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Investing Basics:  Impact of the appreciation of the JMD on my investment
Sunday 15, April 2018

Investing Basics:  Impact of the appreciation of the JMD on my investment





Investing Basics:  Impact of the appreciation of the JMD on my investment

Over the past few years we have seen significant declines in the Jamaican Dollar against the US dollar.  For example, 2014 began with an exchange rate of J$106.38 to the US dollar.  At the time of writing (April 13, 2018) the rate has reached J$125.24. 

This decline however has not been a straight line occurrence.  In May 2017, the exchange rate peaked at about J$130.  Since then, the rate has seen mixed fortunes, increasing and decreasing according to market forces, ending with a current appreciation to J$125.24 from the May 2017 level.

But the appreciation of the Jamaican dollar over the past year has become more of interest to investors and especially bondholders.  It must be remembered that although an appreciation in the dollar is generally a good thing, the impact is different among stakeholders.  For example, an appreciation in the Jamaican dollar is favourable to importers as they pay less in Jamaican dollars for goods they purchase abroad.  Exporters, on the other hand, will find that an appreciation in the Jamaican dollar is not so favourable to them, as the US dollars they earn from their exports translate into fewer Jamaican dollars. 

In a similar way, the appreciation and depreciation of the Jamaican dollar also affects holders of US dollar denominated bonds.  During periods of appreciation in the Jamaican dollar, income received by these bondholders will convert at a lower Jamaican dollar rate, so they will receive fewer Jamaican dollars when they convert the interest they have earned on their investments.  But if the Jamaican dollar is depreciating, the same US dollar interest will convert at a higher Jamaican dollar rate giving the investor more Jamaican dollars (good for persons living off their income).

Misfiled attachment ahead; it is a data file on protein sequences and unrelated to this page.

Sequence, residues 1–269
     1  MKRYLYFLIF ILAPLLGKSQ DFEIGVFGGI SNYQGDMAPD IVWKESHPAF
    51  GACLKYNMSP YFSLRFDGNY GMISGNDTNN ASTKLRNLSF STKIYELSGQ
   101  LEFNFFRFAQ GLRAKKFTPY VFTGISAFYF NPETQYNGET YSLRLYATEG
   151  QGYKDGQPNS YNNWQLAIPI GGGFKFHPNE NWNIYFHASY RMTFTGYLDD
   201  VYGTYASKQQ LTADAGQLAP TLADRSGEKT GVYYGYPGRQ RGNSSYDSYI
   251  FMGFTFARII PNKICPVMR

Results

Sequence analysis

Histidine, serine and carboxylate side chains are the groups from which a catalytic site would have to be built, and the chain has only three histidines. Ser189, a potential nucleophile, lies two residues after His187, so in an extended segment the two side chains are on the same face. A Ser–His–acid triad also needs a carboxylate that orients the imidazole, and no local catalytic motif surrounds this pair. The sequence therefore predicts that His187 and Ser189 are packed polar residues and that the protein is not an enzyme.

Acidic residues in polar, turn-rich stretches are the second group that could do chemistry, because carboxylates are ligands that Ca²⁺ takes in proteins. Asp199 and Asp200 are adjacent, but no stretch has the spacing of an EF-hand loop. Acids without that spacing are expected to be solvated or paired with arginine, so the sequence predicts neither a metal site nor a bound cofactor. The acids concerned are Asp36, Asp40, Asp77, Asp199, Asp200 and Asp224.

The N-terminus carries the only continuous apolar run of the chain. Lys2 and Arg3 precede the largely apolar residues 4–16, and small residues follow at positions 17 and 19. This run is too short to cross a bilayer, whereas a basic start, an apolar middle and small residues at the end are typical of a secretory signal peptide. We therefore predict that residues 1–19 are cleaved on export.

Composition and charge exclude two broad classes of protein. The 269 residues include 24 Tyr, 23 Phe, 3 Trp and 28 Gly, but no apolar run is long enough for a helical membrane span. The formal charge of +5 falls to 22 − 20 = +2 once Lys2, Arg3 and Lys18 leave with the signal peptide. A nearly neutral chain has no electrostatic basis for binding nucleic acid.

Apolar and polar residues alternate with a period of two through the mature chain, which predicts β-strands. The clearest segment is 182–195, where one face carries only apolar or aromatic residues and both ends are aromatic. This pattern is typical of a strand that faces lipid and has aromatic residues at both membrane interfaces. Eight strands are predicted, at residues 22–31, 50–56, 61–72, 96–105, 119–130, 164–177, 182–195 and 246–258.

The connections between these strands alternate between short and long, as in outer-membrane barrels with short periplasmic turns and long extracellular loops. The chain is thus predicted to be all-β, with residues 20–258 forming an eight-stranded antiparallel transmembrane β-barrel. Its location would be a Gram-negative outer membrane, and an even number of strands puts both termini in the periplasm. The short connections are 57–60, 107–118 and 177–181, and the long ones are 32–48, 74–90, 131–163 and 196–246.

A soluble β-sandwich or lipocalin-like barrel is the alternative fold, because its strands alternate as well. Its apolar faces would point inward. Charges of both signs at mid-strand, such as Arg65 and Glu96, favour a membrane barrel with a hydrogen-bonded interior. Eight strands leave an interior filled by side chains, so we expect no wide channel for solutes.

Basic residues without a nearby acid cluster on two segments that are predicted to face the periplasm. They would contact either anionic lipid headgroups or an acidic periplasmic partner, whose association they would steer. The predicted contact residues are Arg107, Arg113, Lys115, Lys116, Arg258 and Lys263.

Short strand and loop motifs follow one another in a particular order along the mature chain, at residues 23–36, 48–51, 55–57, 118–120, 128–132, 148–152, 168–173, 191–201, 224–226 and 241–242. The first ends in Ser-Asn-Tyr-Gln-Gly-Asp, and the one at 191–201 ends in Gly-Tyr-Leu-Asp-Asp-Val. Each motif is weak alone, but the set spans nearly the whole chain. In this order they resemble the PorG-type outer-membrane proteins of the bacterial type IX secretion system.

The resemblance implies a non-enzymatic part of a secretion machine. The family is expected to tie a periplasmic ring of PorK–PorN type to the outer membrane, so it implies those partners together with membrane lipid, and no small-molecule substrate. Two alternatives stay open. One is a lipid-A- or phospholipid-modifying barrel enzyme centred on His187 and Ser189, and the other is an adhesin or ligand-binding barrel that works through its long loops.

Another aspect of the appreciation/depreciation dilemma faced by investors is the tendency for investors to believe that during times of appreciation of the Jamaican dollar, income earned on Jamaican dollar denominated investments tends to be better as Jamaican dollar denominated rates are historically relatively higher than US dollar denominated rates.  However the relationship currently prevailing is not necessarily the case, as some US dollar investments offer much higher rates than Jamaican dollar denominated investments.

Also, when the Jamaican dollar is appreciating, investors tend to abandon converting their Jamaican dollars to US dollars as they fear that when they are ready to use their funds in Jamaican dollar terms the conversion rate might be lower, because of the appreciation.  This is not a bad strategy, but investors must be cognizant of the general trend of a 15.65% average annual depreciation in the exchange rate over the past 40 years.

This means that investors should not lose sight of the fact that periods of appreciation might be an opportunity to take advantage of converting at lower prices.  But this must not be done for short-term purposes since appreciation could last for elongated periods; and this is when investors generally get hurt.  Converting from Jamaican dollars to US dollars should be done wisely; usually for a period not less than one year.

Investors also need to monitor their investments in addition to the market.  On this point it is necessary to point out that exchange rates published by the media are generally the sell rate, unless otherwise expressed by the media.  Investors should therefore ensure that they are applying the appropriate rate to their investments.  There is currently a vast difference between the sell rate and the buy rate for the US dollar.  I have recently seen buy rates as low as J$116 and sell rates as high as J$126 at one financial institution.  These are very wide spreads!

Exchange-related investing can be very involved and often complicated.  It is important therefore that investors seek the advice of a trusted investment advisor when making exchange-related decisions.  Happy investing!


Pamela Lewis is Vice President, Investments and Client Services at Sterling Asset Management Ltd. Sterling provides financial and advisory services to the corporate, individual and institutional investor. Feedback:  If you wish to have Sterling address your investment questions in upcoming articles, please e-mail us at: or visit our website at


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